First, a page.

Breach of Promise

Breach of Promise by James Scott Bell Read Free Book Online

Book: Breach of Promise by James Scott Bell Read Free Book Online
Authors: James Scott Bell
needs, and if that doesn’t work, I’ll try a little Zen Buddhism, and if that doesn’t work, I’ll try wealth and power, maybe some self-actualization. It’s like asking five women to marry you, and then waiting to see which one says yes.”
    Paula had said yes. Once.
“It’s an insult. On the contrary, we must place our faith and trust in God alone, with no backup and no contingency plan. The key to answered prayer is not the amount or strength of our faith, but the object of our faith. ‘I tell you the truth, if you have faith as small as a mustard seed, you can say to this mountain, “Move from here to there” and it will move. Nothing will be impossible for you.’ The power doesn’t come from our faith; the power comes from the One in whom we have faith.”
I didn’t quite get that yet, but the thing about the mountain got me curious.
He finished off the sermon by talking about praying in Jesus’ name. Frankly, that sounded a little like a magic formula. And I couldn’t quite connect it all up. But when it was over, I felt like I was glad I came.
And Maddie didn’t want to leave, she’d had such a good time.
Why couldn’t it have lasted? Why didn’t I just take her home? Did the thing in the park have to happen? What would the preacher man say about that?
    Serrania Park is in the Woodland Hills area of the Valley, next to a development of some of the most expensive homes in town. It’s a place you get a better class of parent and kid, not to mention dog. Maddie liked the swings at Serrania, because you could go so high.
    A daredevil, Maddie.
We—Paula, Maddie, and I—had come here three or four times. I remember trying to teach Maddie how to throw a Frisbee here, when she was four. She got the hang of it real quick, as Paula applauded my efforts from a bench under a tree. Best applause I’d had in years.
Today there was some good activity in the sandbox, like a toddlers’ convention, along with some kids Maddie’s age taking to the slides and swings. Since the good high swings were taken, Maddie headed to the digging part of the convention. She is a natural conversationalist and immediately invited herself to join a boy’s shoveling near the stone camel.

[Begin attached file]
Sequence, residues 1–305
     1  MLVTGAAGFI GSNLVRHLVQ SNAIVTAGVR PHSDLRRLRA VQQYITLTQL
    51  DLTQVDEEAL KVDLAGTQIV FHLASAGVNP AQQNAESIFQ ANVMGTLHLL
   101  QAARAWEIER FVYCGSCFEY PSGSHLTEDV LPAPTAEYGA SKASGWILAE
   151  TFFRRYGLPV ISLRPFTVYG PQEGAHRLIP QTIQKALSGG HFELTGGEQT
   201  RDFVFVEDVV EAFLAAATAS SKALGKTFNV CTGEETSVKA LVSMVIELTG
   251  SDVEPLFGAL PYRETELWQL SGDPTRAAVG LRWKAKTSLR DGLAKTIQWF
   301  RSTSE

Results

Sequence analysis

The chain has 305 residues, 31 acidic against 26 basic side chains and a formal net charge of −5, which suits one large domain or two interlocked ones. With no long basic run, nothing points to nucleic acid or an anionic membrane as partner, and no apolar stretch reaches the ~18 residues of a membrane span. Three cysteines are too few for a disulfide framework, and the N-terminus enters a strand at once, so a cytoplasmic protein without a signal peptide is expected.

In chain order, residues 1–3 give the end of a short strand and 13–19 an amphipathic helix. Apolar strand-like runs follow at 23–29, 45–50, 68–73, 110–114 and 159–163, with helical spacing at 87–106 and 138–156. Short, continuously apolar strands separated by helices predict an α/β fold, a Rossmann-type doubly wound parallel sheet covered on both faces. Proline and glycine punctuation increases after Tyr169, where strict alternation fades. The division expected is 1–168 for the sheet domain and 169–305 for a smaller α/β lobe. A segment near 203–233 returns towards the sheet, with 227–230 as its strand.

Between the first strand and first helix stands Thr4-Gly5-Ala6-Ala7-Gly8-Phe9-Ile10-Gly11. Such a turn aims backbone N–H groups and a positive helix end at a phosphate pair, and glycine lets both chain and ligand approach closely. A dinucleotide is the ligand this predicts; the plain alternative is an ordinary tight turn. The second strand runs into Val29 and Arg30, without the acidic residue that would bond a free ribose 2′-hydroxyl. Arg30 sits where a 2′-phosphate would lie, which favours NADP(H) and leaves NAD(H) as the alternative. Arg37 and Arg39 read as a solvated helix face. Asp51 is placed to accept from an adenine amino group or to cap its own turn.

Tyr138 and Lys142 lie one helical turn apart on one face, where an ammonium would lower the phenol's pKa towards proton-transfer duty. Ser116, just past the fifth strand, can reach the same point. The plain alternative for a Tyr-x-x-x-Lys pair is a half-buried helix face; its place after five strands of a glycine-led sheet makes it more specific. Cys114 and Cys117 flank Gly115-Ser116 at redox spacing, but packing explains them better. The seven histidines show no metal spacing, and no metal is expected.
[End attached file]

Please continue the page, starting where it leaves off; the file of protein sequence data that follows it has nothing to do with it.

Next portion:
I took my flip-flops off, sat on the far edge of the box, and wiggled my toes in the sand.
And started to think about what Maddie would be when she grew up. I didn’t see her going into acting, like her parents. Too unstable a profession—unless an Antonio Troncatti picks you out of thin air for a major flick.
I thought Maddie would make a good lawyer. She knew how to argue, could dig in her heels when she had to, and was already gaining a fine appreciation of the art of charging outrageous sums of money for her efforts. One day she asked me for a twenty-dollar bill.
“Twenty dollars? What for?”
“I cleaned my room.”
I laughed. “But you’re supposed to do that.”
“Okay.” She thought a moment. “Then give me ten dollars.”
Smiling at the thought, I watched my daughter negotiate the plastic shovel out of the boy’s hand.
It was an attractive woman about my age. She was looking at Maddie and the boy.
“Yes,” I said. “She’s five.”
“Mine’s four,” the woman said. “But big for his age.”
“Yeah, he is. A middle linebacker, I’d say.”
“His father was. Played in college. Really.”
“Mark Gillen,” I said, standing.
“Kay Millard. You live around here?”
“No, I’m from the land of the studios. Maddie just likes this park.”
“Maddie? Short for Madeleine?”
“I always liked that name.”
“What’s your boy’s name?”
“Scottish, isn’t it?”
Kay Millard smiled. “Very good.”
“I know that from the Scottish play.”
“Ah, Macbeth.
“Shh!” I said. We were having fun. Not many people know the actor’s superstition about Shakespeare’s most notorious play. You’re never supposed to mention the title, so the belief goes, or something will go wrong

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